Ex-health official sentenced to house arrest

Former Fraser Health technology manager James Roy Taylor was charged in 2010 along with an Abbotsford doctor and a former senior official in the B.C. health ministry, after police found evidence of improper payments and benefits in health ministry purchasing.

James Roy Taylor was network manager for Fraser Health.

VICTORIA – A former Fraser Health technology manager has been handed a one-year conditional sentence and a year’s probation for improperly accepting benefits from a contractor supplying electronic health care systems to hospitals.

James Roy Taylor, 64, was charged in 2010 along with an Abbotsford doctor and a former senior official in the B.C. health ministry. Taylor pleaded guilty Tuesday in Victoria provincial court to one count of breach of trust, and three other charges were withdrawn.

Special prosecutor John Waddell recommended the sentence, which begins with six months of house arrest, where Taylor will only be allowed to leave his South Surrey home between 6 a.m. and 9 p.m. for work or other activities approved by his probation supervisor.

Taylor was also fined $2,000, the value of a stay at a Kelowna condominium he accepted as a benefit without telling his supervisors.He must also perform 175 hours of community service.

Waddell said the house arrest conditions are more severe than others charged in the case because Taylor has a previous conviction for fraud, related to the disappearance of $66,000 from the White Rock Sea Festival Society when Taylor was its president in 1998.

Ron Danderfer, former assistant deputy minister of health responsible for technology, also pleaded guilty in July to one charge of breach of trust. Danderfer and Taylor both admitted accepting a benefit from Jonathan Burns, the Abbotsford doctor who pleaded guilty in February to two charges in the case.

All were originally charged with multiple counts, including fraud on government and breach of trust by a public official.

When charges were revealed in March 2010, prosecutors accused Burns of offering Danderfer and Taylor accommodation at a Kelowna condominium, employment income for relatives and “post-retirement income” in exchange for using their positions to give contracts to Burns and his company WebMed Technology Inc.

Burns was sentenced to three years probation and 100 hours of community service, providing free health care to the needy. Danderfer was put on probation for two years, plus community service and a fine of $3,690, the value of two stays at the Kelowna condo.

In search warrant documents filed in 2009, RCMP commercial crime investigators alleged that WebMed “fraudulently submitted 30 invoices totaling $251,348.40 that Jim Taylor fraudulently authorized.”

Burns hired Taylor’s wife, a nurse, to work for WebMed when the company’s digital diagnosis system was being tested in Chilliwack and Maple Ridge hospitals.

In applications for search warrants, RCMP said Burns also offered to pay for side trips to Paris and Egypt while Burns and Danderfer were on government business in Europe.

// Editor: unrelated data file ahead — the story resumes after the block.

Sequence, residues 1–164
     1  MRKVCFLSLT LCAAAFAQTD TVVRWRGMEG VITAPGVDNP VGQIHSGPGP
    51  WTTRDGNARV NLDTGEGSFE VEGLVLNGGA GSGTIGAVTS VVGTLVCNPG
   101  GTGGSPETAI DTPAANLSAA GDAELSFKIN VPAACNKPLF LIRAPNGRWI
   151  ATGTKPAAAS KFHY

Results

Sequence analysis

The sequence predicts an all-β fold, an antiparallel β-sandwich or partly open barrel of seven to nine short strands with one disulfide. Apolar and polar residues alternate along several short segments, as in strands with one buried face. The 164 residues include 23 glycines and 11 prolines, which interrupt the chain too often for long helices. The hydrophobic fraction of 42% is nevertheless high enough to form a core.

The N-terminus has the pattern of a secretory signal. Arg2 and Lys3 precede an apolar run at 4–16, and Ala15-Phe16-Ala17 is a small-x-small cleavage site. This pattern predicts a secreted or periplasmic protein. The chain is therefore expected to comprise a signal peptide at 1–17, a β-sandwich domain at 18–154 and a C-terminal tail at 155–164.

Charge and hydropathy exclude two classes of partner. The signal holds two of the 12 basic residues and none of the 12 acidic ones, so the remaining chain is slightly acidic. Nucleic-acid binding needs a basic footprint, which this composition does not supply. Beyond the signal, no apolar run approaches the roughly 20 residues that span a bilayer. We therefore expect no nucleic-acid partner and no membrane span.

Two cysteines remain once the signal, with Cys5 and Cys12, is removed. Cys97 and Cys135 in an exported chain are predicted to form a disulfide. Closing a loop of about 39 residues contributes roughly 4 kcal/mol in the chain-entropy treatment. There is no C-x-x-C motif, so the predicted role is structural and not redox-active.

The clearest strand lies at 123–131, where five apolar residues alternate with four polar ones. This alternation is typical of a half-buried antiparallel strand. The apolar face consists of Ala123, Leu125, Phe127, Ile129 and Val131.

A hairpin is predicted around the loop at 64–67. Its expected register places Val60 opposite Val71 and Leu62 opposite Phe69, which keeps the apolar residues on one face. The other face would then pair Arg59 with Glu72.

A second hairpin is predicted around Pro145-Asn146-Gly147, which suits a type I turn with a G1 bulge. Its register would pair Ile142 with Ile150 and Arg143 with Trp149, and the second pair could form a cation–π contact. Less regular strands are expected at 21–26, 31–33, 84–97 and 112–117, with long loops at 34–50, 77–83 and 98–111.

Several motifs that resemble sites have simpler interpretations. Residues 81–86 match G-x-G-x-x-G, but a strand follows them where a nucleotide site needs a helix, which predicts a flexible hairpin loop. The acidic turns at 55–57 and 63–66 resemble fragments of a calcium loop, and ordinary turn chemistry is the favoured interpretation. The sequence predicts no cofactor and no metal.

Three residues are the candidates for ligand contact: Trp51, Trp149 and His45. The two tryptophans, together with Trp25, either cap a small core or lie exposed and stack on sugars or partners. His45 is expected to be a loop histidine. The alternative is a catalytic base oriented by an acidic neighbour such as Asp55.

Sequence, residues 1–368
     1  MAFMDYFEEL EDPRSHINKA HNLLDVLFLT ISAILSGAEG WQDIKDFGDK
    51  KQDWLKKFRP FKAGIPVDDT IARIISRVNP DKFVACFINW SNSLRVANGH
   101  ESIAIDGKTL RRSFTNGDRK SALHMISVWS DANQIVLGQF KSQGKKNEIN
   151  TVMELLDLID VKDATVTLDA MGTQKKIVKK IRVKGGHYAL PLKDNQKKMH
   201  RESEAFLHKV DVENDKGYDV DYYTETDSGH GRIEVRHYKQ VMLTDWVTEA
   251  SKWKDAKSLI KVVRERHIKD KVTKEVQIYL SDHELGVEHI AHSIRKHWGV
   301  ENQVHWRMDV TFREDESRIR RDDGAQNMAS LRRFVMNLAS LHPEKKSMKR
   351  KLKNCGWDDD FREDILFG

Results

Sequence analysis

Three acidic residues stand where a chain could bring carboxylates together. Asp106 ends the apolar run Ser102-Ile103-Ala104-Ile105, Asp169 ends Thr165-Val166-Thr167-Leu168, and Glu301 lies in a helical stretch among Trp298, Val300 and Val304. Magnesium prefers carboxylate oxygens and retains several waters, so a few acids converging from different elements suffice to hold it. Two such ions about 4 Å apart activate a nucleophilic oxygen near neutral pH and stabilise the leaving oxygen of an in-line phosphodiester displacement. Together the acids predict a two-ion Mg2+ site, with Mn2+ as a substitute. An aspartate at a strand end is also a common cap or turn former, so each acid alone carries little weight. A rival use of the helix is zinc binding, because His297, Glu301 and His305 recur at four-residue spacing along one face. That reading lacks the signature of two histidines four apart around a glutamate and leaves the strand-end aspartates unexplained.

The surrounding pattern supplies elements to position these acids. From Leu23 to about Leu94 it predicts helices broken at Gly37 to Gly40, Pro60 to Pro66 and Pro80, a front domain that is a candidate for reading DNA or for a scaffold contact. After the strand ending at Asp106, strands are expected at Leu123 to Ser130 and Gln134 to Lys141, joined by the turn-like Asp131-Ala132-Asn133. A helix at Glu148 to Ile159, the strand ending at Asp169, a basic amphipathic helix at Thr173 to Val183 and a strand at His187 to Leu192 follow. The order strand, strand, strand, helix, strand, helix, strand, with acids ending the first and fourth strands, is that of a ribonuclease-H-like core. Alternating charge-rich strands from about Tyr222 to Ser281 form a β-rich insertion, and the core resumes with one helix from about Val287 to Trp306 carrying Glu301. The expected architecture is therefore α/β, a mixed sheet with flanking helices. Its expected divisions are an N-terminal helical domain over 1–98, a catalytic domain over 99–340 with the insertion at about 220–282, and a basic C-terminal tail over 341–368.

Get local stories you won't find anywhere else right to your inbox.
Sign up here

Just Posted

Rain in Sunday forecast for Okanagan-Shuswap

Environment Canada calling for 15-20 millimetres in regions

Severe thunderstorm watch in effect for Okanagan, Shuswap

Environment Canada is forecasting strong wind gusts, large hail and heavy downpours in parts of the Interior

WorkSafe BC conducted 70 inspections in the Okanagan amid B.C.’s reopening plan

WorkSafe BC has conducted 100 inspections at restaurants across the province since May 19

City hall refurbishment comes in nearly $500,000 over budget

Revelstoke City Council voted unanimously to move forward despite the increased cost

Williamson Lake to open June 1

The park will be open for day use as well as camping

VIDEO: Injured bald eagle rescued in B.C. First Nations community

Bird suspected injured in fight, whisked off to Coquitlam rehab

Toronto Raptors’ Ujiri says conversations about racism can no longer be avoided

Thousands have protested Floyd’s death and repeated police killings of black men across the United States

‘I’m afraid’: Witnesses of wolf attack on senior near Prince Rupert worried about safety

Frank Russ shows where the unprovoked wolf attacked his father

Protesters prepare to rally against racism in front of Vancouver Art Gallery

Rally is in response to the deaths of black Americans and a Toronto woman

PHOTOS: Okanagan residents capture epic lightning show

A look at some of the best shots of the storm on May 30

Big White Ski Resort to offer rebate for pass holders after early closure

Next year’s pass will include a 20 per cent rebate

‘No tick is a good tick’: Canadian Lyme Disease Foundation

The foundation’s president said all ticks that attach to humans and pets can carry various diseases

Protesters rally against anti-black, Indigenous racism in Toronto

Police estimated the crowd to be between 3,500 and 4,000 and said there was no violence

Most Read